The rest of the actual plot is pretty much standard middle-level Doctor Who science fiction nonsense. Ancient religion, blah blah blah. Mysterious crystals, blah blah blah. Hugely powerful forces, blah blah blah. Fine, but hardly the point.

It really is best not to think too much about the details. One of the bad-guys who was just banished but not killed in an earlier episode (Tzim-Sha) returns, leaving the fate of Racist Fonzie still open. The robo-sentries from the terribly tiresome Ghost Monument are back for no very good reason. The Doctor finally admits that her anti-gun rhetoric is inconsistent, hypocritical and badly thought-through, further weakening her character. The Ux are a race of exactly two people (saves on budget) who live three thousand years or more, conveniently the same time that Tzim-Sha has been waiting for the Doctor. The very important people who urgently need rescuing just get treated like cargo and contribute nothing to the story. Nothing really feels like it means anything or it matters terribly much. Even getting back out of the floating rock castle in the sky, which took an awful lot of sonicking and frowning to get into, happens easily, quickly and off-screen.

As things ramp up, Jamie Childs does his best to build the energy and excitement, so it does feel dramatic, but when the character stuff should be paying off, there’s nothing he can do to fill the void that Chibnall leaves him. In order to save the day, the Doctor has to convince Andinio andDelph that their creator is a fraud and that the last three thousand years of sacrifice and toil have been for nothing. This should be appalling news and they should hate her for telling them this. No, they just happily agree to switch sides. On Earth, Tzim-Sha killed passers-by without a second thought. Now, he just stands there and listens to the Doctor explain that she’s going to foil his plan, and then lets her do that. Oh wait, he’s plumbed into this machine in some way. Is that why he can’t act more directly? It must be super-important that he stay connected. No, he just pulls out the tubes when it’s time to go and be shot by Graham.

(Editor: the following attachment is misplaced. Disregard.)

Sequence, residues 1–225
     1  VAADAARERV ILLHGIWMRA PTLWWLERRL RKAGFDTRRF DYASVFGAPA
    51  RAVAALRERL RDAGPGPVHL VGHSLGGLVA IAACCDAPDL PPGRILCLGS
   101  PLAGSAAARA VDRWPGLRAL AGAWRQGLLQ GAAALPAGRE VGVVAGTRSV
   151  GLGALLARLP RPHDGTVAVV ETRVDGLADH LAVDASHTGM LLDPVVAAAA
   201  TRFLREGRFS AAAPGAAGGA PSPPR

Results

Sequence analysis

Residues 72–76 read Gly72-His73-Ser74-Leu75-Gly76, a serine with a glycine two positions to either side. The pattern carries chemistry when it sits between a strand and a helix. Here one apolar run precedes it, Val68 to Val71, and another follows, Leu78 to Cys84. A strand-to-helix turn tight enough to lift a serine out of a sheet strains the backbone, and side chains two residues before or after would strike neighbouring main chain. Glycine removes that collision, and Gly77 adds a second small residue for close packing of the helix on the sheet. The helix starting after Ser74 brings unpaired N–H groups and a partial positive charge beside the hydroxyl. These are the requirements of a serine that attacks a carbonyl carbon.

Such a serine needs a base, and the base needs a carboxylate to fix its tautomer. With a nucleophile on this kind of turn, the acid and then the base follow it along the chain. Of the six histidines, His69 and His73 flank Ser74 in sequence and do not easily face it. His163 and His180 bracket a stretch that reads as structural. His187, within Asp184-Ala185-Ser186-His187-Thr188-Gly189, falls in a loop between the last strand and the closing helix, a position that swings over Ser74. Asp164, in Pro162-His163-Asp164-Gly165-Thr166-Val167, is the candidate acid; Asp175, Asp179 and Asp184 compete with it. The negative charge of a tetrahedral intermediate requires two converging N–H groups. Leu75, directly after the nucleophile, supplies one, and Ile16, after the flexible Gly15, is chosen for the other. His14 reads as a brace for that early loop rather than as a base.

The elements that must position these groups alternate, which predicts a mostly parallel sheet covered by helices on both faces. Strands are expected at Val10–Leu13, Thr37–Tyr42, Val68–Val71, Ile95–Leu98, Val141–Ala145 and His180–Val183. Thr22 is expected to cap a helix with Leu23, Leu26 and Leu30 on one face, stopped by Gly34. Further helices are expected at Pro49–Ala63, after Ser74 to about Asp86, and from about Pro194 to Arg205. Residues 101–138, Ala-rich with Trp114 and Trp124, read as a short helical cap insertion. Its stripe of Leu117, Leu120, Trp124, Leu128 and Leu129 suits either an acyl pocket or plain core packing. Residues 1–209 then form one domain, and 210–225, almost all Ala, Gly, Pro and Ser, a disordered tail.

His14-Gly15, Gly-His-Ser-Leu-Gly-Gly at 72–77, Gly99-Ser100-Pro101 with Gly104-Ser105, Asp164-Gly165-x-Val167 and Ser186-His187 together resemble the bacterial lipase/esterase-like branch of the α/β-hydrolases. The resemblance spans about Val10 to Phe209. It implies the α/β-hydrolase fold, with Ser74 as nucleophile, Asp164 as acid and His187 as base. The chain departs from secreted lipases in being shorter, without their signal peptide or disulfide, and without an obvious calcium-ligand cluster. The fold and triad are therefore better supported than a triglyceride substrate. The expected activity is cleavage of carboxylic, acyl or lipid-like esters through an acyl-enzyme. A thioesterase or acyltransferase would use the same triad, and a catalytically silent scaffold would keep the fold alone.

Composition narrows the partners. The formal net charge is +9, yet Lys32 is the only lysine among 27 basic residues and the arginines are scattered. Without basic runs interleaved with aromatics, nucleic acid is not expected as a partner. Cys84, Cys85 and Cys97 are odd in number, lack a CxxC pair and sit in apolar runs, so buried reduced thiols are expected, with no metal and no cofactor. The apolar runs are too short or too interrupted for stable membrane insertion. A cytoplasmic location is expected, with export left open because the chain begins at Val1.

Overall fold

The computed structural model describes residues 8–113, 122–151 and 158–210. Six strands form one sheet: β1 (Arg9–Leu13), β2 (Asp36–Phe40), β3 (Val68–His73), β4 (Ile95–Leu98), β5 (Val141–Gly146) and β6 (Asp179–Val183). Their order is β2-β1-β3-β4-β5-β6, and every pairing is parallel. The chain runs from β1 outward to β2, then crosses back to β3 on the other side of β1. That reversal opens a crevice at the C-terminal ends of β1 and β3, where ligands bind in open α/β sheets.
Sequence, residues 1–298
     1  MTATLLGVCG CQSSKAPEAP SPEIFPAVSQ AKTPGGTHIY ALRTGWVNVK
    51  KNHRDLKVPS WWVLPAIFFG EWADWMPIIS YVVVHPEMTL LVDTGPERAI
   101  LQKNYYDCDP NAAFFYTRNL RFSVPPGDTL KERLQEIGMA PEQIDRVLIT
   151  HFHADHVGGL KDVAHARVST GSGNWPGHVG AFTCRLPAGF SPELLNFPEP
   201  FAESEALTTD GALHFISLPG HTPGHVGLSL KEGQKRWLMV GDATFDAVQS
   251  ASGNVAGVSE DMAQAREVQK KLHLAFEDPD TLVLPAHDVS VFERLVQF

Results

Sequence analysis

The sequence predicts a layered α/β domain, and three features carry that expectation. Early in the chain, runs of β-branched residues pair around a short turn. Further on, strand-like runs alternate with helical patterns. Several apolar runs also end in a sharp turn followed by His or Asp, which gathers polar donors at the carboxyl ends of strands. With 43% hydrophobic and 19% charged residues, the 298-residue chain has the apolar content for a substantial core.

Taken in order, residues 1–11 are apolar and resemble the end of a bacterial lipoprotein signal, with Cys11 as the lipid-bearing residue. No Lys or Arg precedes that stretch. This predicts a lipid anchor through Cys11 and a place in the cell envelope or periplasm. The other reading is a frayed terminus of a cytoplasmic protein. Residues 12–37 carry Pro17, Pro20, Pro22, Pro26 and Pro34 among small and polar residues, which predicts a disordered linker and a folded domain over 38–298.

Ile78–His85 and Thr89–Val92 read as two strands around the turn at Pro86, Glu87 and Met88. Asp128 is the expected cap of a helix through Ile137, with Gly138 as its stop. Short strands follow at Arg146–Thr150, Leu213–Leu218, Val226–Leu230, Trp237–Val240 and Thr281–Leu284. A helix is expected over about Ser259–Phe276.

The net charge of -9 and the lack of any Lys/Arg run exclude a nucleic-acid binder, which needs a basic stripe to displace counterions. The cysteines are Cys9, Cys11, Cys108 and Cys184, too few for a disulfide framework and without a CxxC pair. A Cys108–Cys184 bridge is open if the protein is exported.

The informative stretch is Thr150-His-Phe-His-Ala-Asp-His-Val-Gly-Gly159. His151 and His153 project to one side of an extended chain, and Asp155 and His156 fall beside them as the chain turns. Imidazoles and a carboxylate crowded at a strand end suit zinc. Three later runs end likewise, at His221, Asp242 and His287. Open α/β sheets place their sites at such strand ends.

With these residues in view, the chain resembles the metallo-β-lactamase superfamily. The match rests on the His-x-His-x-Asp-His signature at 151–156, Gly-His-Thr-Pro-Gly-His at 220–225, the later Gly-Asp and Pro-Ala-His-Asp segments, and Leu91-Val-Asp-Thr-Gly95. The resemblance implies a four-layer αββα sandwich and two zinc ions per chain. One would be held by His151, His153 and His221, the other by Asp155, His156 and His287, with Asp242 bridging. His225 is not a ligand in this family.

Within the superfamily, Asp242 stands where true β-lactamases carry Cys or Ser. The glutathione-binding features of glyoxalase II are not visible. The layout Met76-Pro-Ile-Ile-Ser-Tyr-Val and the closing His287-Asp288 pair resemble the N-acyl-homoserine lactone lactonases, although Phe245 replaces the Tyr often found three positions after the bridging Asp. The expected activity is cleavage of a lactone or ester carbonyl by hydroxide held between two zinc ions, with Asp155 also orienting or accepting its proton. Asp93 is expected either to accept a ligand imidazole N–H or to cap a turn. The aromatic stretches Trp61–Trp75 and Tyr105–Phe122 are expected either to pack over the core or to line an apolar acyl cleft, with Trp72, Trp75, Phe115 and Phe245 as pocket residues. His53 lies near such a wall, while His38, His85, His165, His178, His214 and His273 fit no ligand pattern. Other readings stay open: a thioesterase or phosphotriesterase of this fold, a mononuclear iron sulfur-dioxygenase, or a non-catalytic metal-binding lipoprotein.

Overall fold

And most egregiously of all, the hugely built-up neurobalancers come to nothing. Forcing characters to act against their nature, confronting them with their darkest secrets, paranoid fantasies and basest thoughts is a wonderfully effective science-fiction trope which can really reveal character in a way which is not available to conventional drama. The Doctor and Yas losing their identities as the terrible forces of the planet take hold once they’ve removed their neurobalancers could have been an amazing sequence, easily helping me to overlook some of the other rather iffy plotting and catapulting this to the top ranks of this season.

What actually happens? The Doctor and Yas get a bit of a sore head for thirty seconds, then put the neurobalancers back on again. I’ve never seen a writer so allergic to drama, so blind to the possibilities of their own scripts.

The other big payoff here is Graham’s confrontation with Tzim-Sha. As I’ve said, this is very clumsily arranged, and it doesn’t really come to anything. Graham just decides not to kill him – but again trapping a villain for eternity is presented as a kindness, compared to a quick death. What does help slightly is that Tosin Cole does his best work of the whole season. His stuff with Graham gives us a flash of what this relationship could have been, with a bit more time, a bit more care and a bit more talent.

And that’s it. We’re done for 2018.

Chris Chibnall has had more time to prepare fewer episodes than any showrunner in history, and yet most of these scripts felt to me like hasty first drafts. There’s enough good stuff here to scrape together four stars, but the only really good scripts this year have been the three without Chibnall’s name on them – the fun Kerblam!, the very dramatic and funny Witchfinders and the truly excellent It Takes You Away. These are also the only scripts to even attempt to make proper use of the four regulars (can you tell me one necessary or even interesting thing which Yas does in this entire episode?).

As usual, let’s compare my reactions to fandom at large. Over on Gallifrey Base, Rosa comes out top, averaging 8.49 out of ten. with The Woman Who Fell to Earth just behind it on 8.44. But Rosa has a lot more 9s and 10s. The Ghost Monument does surprisingly well in fourth place with an 8.26, just inching ahead of It Takes You Away. The Tsuranga Conundrum is decisively last with an average of just 6.6 and nearly double the 1s and 2s of its nearest rival The Battle of Ranskoor Av Kolos.